This semester, we had the opportunity to go to Rhode Island College’s 17th Annual Promising Practices Conference: Culturally Responsive Curricula in STEM. The conference was held on November 1, 2014. After finding out I had to spend my Saturday at RIC, I was definitely annoyed, but after attending the conference, my view had changed. I decided I would sign up for Making It Personal and Comedy in the Classroom. The description of each of these workshops seemed as if they would really help in making me a better educator. So, even though I hated that we had to wake up early on a Saturday, I was excited about learning something new about education and bettering myself.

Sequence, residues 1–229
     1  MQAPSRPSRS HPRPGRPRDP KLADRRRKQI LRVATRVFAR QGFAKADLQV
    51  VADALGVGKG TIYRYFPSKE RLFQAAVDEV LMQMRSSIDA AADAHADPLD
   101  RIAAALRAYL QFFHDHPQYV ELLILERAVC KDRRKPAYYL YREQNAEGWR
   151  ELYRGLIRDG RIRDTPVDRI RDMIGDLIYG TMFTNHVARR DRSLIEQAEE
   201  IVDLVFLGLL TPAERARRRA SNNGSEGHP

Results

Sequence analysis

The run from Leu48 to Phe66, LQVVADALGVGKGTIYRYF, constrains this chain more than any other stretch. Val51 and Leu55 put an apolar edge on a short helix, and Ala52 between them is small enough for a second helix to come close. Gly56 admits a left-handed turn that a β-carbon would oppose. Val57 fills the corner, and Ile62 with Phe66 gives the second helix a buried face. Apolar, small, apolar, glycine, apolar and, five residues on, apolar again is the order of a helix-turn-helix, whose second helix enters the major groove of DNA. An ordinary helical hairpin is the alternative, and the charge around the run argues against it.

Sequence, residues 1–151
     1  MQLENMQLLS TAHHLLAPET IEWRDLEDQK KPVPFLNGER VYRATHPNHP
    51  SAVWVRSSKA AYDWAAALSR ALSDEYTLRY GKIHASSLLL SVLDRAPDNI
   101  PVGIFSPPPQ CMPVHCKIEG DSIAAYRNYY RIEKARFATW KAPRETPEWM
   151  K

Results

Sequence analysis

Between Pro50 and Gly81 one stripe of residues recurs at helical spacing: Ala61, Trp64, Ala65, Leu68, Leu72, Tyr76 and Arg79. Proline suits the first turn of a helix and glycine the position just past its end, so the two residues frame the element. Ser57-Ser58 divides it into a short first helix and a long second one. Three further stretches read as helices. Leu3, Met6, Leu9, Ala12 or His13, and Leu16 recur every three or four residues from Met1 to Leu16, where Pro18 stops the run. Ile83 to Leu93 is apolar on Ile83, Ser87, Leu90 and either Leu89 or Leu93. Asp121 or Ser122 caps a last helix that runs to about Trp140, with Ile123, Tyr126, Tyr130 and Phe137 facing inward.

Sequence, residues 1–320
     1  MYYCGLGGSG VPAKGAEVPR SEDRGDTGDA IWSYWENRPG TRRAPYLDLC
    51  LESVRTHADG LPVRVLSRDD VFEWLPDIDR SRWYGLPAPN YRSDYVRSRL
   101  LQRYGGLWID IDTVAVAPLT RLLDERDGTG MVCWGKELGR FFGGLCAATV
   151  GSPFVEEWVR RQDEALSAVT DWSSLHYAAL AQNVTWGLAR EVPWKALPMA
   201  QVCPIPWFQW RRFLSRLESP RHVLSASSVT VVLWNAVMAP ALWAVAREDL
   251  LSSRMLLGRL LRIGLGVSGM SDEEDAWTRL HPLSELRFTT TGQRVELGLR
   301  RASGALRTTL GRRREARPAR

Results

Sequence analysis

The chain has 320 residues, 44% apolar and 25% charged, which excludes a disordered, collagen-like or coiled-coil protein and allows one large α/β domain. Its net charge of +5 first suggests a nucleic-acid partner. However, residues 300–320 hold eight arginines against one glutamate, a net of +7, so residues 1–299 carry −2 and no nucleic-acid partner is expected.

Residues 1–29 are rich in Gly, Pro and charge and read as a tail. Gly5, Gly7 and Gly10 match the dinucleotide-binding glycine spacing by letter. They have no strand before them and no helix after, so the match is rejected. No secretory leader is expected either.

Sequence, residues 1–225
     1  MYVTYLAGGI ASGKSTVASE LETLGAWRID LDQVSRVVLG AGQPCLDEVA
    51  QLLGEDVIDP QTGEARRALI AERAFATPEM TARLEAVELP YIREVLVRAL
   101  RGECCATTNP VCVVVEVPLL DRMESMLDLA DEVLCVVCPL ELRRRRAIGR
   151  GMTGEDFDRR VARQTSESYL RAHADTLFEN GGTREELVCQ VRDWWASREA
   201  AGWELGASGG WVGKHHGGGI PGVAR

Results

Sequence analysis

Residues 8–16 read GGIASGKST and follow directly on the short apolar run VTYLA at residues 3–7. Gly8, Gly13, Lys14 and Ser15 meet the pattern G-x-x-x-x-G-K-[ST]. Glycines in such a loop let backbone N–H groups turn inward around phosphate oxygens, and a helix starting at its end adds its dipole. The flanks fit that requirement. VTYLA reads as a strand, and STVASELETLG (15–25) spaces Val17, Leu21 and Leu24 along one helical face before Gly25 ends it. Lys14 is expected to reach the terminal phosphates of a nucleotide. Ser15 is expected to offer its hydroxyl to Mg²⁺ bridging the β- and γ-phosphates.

The first workshop I attended was Making It Personal. This workshop was presented by Buddy Comet whom is the Dean of Pedagogy in Central Falls, and Karen Oliveira who is from the School of Social Work at Rhode Island College. The main idea of this workshop was personalized learning. Buddy used an example of his experiences working with self-contained high school students. He wanted to achieve a balance between individual autonomy and collaborative work, so his solution to that is station learning. In station learning, there are 5 or so stations set up that each focus on the same topic, the one we used during the workshop was slope. So, the students would go to each station in groups and would work there for some time and achieve an answer both individually and collaboratively. However, in order to achieve this, there are some things that need to be in place. The first thing is well written directions. The students who will be using this method of learning have a range of disabilities, so it is important to use clear and concise directions. As Delpit says, “If you are not already a participant in the culture of power, being told explicitly the rules of that culture makes acquiring power easier” (Delpit, p.25). Students, especially those with disabilities, need these codes in order to participate actively and successfully. The second thing that is needed for this foundation of teaching is that the students must have prior knowledge on the subject. The station learning method is used to strengthen their knowledge, not to teach a whole new subject. So, it is crucial that students are familiar with the subject, or they will be completely lost as they try and complete the activities at each station. The third aspect that must be implemented in order for this to work is to mix children. This means that in each group there must be some low performing students and some high performing students. This type of inclusion will help both the low performing students and the high performing students in various ways. In “Schooling Children With Down Syndrome” by Christopher Kliewer, he says that “school citizenship rejects the idea of a gap between normality and down syndrome, in the movement toward classroom membership, diversity is viewed as normal, people are considered of equal worth, relationships are of mutual benefit, and belonging is a central societal theme” (Kliewer, p. XX). The last major aspect of this is to create a safe space in the classroom. When it comes to children with disabilities, the classroom needs to be a safe place they can go to and feel 100% comfortable to learn and socialize. I couldn’t help but to think about Gerri August’s piece “Safe Spaces.” Though she mainly focuses on creating a safe environment for LGBT students, her main point can be applied to any classroom. Classrooms need to be a place where students can go and learn, and be successful while feeling like they belong and are welcomed. All of these things will make for a very successful method of inclusive learning. After Buddy closed his remarks on station learning, we were then introduced to Karen Oliveira and the work she does with the school of social work. College students who are involved in the school of social work have the opportunity to work with students who are suffering social/emotional problems usually due to trauma. While working with the kids they get to develop IEP goals and really just get to know the child and develop a personal relationship with them, all while teaching them. I really enjoyed hearing about this program because it seems like something that is really working for these troubled children. It was interesting to hear the various benefits of it such as an increase in school attendance, study habits and behavior habits.